When It Seems There's No Place In the World for Big Boobs, Make One

I have symbolically marked a handful of dressing rooms with my tears.

One incident in particular that I'll never forget: sobbing with my mother in the Victoria's Secret dressing room after discovering that their largest bra still wasn't large enough to accommodate me.

I'm aware that to many a flat chested lady, this conundrum might seem like a petty one: poor you, your boobs are too big.

And I get that. I really do. But society and fashion alike spend so much time telling women of the limited spaces they're allowed to inhabit. Don't talk too loudly. Don't be too funny. Don't be too smart. Don't be above a certain size.

I was feeling the consequences of this confinement that day in Victoria's Secret. I felt large and unacceptable. I didn't fit.

It's taken me a long time to no longer care about fitting. Back in my caring days, I would avoid certain clothing because I was worried I'd look inappropriate. I would never, ever dare to go braless, despite my deep loathing for those overpriced boob prisons.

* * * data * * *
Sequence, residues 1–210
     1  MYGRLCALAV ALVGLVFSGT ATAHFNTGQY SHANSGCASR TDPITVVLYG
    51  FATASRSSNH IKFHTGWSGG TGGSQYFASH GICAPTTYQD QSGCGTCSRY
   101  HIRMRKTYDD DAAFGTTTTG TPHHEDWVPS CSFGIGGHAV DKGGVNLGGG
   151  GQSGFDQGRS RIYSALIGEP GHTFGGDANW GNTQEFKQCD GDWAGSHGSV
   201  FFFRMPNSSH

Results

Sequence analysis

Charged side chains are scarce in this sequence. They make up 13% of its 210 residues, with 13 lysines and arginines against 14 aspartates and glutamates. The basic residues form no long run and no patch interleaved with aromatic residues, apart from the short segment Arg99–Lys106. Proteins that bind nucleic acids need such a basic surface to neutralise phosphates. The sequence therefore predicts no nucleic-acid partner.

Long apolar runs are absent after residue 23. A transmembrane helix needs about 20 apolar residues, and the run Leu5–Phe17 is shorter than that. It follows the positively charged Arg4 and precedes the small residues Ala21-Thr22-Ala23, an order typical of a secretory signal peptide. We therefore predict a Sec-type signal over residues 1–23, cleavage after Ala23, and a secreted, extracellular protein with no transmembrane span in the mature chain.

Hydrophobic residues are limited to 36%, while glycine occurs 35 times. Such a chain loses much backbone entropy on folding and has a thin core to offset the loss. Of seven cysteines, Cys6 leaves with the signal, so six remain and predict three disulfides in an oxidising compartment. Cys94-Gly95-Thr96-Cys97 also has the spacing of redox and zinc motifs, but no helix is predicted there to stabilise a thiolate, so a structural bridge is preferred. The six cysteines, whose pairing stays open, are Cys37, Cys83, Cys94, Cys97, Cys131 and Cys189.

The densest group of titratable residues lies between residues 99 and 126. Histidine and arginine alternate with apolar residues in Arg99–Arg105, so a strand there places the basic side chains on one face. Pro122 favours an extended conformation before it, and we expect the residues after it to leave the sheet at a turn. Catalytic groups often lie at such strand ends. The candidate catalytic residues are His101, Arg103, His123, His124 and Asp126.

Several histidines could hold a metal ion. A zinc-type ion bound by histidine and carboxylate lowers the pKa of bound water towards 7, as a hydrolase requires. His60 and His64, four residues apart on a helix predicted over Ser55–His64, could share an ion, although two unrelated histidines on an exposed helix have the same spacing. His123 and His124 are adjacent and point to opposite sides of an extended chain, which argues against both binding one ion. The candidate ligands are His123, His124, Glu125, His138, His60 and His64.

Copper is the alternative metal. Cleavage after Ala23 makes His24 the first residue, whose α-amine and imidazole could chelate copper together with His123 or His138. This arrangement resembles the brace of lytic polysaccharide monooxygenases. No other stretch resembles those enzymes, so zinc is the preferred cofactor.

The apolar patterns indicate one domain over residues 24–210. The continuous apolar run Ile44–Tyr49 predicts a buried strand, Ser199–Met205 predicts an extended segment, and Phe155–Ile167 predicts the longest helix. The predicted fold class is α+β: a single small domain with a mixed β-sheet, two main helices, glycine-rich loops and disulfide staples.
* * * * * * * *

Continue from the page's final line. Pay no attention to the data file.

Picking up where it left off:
I spent so much time and energy each morning selecting clothing that would conceal and restrain me, because I was terrified of what people might think or say. I felt ashamed for being the size that I am. In my mind, there was too much of me, so it was my job to hide that as best I could.

I can't pinpoint exactly when or how it happened, but eventually, I got fed up. If my boobs bounce around while I'm running to catch the train, I'll let them. I take up this amount of space, and I'm not going to apologize for that. It's not going to stop me from buying a low cut shirt I love or going without a bra on a day when I can't be bothered to put one on.

I'm just not going to spend another second being ashamed for having a body. I don't want to cry in any more dressing rooms, unless it's because I'm overwhelmed by how incredible I look.

And if I have a daughter someday, I don't want to spend any time with her in a dressing room watching her cry because she feels that she exists outside of what's considered acceptable.

I love fashion, don't get me wrong. But I don't want to allow it, or the humans who determine what it is, dictate how I feel about myself anymore.

After all, self-assuredness is a fashion choice in itself.